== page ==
The range of conflicts and confrontations between the US and the PRC seems ever present in the news headlines, with reaction following action in what seems like an endless loop. Of course, Russian revanchism; machinations on the Korean peninsula; and the various potential “flashpoints” in and around the Middle East add further layers of distraction.
However, the tensions between the US and the PRC amount to rather more than headlines, “sound bites” and political posturing- it is all much more serious than that, as the US, a constitutional democracy, is dealing with an unconstrained autocracy, which does not even subscribe to the rule of law.
A contest is clearly under way between the world’s two largest economies for supremacy over whatever global power structure they wish to create, or allow to exist. After World War II, the former Soviet Union and its satellites clearly lost a prior battle with the US, no matter what President Putin and his sycophants and fellow travelers may think, during a period when the PRC was first walled-off from the wider world and then internally-focused on re-building its industrial base and infrastructure. Until quite recently, the PRC had adhered to the approach formulated by Deng Xiaping of “keeping a cool head and maintaining a low profile”; and even the PRC’s current President (and now paramount leader) Xi Jinping would state that the PRC was no threat to anyone.
Now, in a scenario exacerbated by the “zero-sum” approach to international relations adopted by the current Administration, the PRC’s leadership is starting to push back, seemingly confident that it has the support of its vast population (over which it is re-exerting ever more control); knowing that the entangled supply chains and expansion plans of many US businesses lead back to the PRC; and relishing the fact that, through its treatment of them, the US seems now to go out of its way to weaken the support of its supposed allies.
Of course, this is not to say that a direct “kinetic” confrontation is inevitable; nor that the PRC seeks an outright “trade war” with the US (which any rational person realizes benefits neither party, nor the wider world economy). Nevertheless, the tone has changed, with both sides increasingly testing and probing the other to understand how far a particular course can be followed before provoking a reaction. A prime example of this is the increasing “fact” that the South China Sea is now a maritime buffer zone for the PRC, which clearly intends to force the US’s Pacific Fleet out of being able to control the area in the event of war (say, provoked by a PRC decision finally to “incorporate” Taiwan into the Middle Kingdom). No doubt, many interesting war games are being conducted by the general staffs of both the PRC and the US.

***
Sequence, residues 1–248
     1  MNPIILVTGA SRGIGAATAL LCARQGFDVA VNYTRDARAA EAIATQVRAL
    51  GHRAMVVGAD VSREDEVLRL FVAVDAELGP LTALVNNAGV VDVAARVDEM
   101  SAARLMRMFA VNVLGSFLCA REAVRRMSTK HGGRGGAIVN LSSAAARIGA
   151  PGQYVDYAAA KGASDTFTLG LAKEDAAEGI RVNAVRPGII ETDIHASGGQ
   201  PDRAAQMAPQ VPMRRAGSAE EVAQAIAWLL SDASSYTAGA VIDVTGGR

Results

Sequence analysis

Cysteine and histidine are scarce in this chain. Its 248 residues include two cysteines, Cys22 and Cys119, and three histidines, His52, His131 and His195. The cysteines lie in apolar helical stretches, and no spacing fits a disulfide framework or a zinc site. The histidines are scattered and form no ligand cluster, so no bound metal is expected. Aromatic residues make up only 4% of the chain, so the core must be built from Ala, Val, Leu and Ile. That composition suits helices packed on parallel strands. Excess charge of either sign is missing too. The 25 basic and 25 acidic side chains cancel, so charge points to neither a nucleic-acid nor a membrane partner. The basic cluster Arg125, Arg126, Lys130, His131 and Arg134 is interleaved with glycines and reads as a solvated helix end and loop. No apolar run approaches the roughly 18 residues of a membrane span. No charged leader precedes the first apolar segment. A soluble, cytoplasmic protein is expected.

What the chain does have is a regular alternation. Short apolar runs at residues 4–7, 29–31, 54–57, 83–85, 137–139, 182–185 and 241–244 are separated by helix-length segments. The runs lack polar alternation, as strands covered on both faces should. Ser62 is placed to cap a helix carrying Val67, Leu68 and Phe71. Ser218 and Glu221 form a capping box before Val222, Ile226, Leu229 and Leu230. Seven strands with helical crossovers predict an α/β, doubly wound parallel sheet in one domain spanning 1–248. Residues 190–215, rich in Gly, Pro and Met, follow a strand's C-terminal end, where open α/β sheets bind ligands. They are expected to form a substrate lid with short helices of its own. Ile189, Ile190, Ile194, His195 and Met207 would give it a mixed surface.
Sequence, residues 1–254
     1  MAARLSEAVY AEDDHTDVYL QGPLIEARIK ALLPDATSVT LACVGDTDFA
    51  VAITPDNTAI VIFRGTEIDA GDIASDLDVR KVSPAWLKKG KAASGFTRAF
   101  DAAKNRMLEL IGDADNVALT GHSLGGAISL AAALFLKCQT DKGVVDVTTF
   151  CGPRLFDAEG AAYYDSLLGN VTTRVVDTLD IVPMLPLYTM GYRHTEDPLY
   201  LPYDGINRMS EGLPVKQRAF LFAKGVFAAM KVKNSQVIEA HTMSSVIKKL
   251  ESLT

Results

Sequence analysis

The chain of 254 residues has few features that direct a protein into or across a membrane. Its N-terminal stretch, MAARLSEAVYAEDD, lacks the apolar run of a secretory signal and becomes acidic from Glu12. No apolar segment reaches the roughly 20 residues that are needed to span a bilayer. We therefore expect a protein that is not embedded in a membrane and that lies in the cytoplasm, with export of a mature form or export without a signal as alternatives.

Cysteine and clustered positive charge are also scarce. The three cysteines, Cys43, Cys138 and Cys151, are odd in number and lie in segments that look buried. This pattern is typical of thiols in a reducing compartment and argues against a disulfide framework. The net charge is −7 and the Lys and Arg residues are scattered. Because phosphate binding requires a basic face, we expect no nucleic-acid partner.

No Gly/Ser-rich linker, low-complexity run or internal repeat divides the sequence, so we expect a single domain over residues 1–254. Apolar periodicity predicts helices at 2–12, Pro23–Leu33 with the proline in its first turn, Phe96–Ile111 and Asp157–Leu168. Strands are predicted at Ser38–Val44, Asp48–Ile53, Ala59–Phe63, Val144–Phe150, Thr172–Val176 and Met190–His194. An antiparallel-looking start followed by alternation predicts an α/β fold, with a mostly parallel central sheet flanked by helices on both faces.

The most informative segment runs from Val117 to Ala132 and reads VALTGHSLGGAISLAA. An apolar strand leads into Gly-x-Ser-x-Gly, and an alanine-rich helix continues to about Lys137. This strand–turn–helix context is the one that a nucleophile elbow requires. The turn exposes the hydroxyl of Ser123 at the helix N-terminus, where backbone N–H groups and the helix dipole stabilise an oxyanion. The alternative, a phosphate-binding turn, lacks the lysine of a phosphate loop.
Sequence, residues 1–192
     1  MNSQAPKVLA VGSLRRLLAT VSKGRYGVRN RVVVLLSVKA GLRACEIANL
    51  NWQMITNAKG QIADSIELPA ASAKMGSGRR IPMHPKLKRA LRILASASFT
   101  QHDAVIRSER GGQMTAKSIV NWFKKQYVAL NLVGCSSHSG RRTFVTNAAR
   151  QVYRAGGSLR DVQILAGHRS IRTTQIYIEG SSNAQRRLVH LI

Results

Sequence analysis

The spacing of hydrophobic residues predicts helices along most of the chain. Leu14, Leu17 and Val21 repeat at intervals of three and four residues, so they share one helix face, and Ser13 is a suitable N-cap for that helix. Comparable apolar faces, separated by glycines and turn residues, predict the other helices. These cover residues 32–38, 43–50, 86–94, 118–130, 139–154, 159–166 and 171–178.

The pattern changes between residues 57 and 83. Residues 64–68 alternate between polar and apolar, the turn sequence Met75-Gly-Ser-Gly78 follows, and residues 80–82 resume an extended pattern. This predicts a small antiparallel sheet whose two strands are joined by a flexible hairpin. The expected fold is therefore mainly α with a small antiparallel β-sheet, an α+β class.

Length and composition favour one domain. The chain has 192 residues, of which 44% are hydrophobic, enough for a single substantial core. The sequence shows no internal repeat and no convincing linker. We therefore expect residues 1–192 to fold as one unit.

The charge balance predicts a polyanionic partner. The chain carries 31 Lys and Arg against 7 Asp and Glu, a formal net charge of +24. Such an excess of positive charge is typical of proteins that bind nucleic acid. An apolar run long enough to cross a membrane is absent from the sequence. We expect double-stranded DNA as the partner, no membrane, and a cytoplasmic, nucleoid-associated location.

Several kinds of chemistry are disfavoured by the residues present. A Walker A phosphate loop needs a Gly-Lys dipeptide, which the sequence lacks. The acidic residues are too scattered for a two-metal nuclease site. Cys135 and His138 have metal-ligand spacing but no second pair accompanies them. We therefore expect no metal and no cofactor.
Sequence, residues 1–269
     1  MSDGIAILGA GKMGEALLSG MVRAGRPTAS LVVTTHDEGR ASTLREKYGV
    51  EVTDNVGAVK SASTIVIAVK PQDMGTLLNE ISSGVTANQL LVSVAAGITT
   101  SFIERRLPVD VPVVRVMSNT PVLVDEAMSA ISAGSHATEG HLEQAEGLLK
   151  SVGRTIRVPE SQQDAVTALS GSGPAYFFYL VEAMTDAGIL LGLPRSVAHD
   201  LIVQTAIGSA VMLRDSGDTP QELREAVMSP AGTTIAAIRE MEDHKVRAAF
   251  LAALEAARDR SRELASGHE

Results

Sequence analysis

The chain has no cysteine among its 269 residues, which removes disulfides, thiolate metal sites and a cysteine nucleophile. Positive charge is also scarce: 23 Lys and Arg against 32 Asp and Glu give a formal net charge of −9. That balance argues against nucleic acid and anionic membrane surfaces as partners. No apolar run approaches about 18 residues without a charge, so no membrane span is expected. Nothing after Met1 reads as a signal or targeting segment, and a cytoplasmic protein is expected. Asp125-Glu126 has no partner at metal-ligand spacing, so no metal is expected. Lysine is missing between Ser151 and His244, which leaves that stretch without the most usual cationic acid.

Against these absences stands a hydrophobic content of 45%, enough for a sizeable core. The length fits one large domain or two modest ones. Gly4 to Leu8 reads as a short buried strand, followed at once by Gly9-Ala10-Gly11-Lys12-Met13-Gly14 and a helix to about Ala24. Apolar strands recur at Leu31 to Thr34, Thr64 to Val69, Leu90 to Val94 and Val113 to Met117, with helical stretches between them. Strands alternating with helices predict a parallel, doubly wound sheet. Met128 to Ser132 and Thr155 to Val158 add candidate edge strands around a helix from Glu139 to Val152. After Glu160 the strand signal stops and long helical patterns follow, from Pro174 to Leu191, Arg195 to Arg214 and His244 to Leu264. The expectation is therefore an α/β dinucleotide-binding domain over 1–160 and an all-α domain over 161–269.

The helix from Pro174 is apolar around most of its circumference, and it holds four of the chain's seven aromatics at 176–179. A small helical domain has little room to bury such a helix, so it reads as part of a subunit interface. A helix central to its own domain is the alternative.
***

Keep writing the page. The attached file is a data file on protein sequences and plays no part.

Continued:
The optimistic scenario would have the US and the PRC realizing that co-operation is better than confrontation, particularly given how intertwined their economies truly are. A more pessimistic one would be the PRC’s leadership taking the view (not unreasonably) that its own population is far better conditioned to bear pain, than that of the US, and at some point no longer seeking compromise in the face of what it might consider provocations, or the attempted humiliation by one great power of another. So, the real question becomes: at what point does either party believe that it has the ability to “win” an outright confrontation, and what means will it choose to do so? A direct military confrontation is possible (as there is an increasing range of “flashpoints”); but a more likely scenario is a combination of economic “warfare”, cyber-confrontation, and proxy wars of the sort fought between the US and the former Soviet Union.
At some point, we are likely to find out.
Naturally, the Awbury team maintains a close watch on geo-politics and economic factors in order to assess how they may impinge on the risks we have or may choose to accept within our portfolio and to ensure that, at all times, the ratio of risk to reward remains acceptable.
The Awbury Team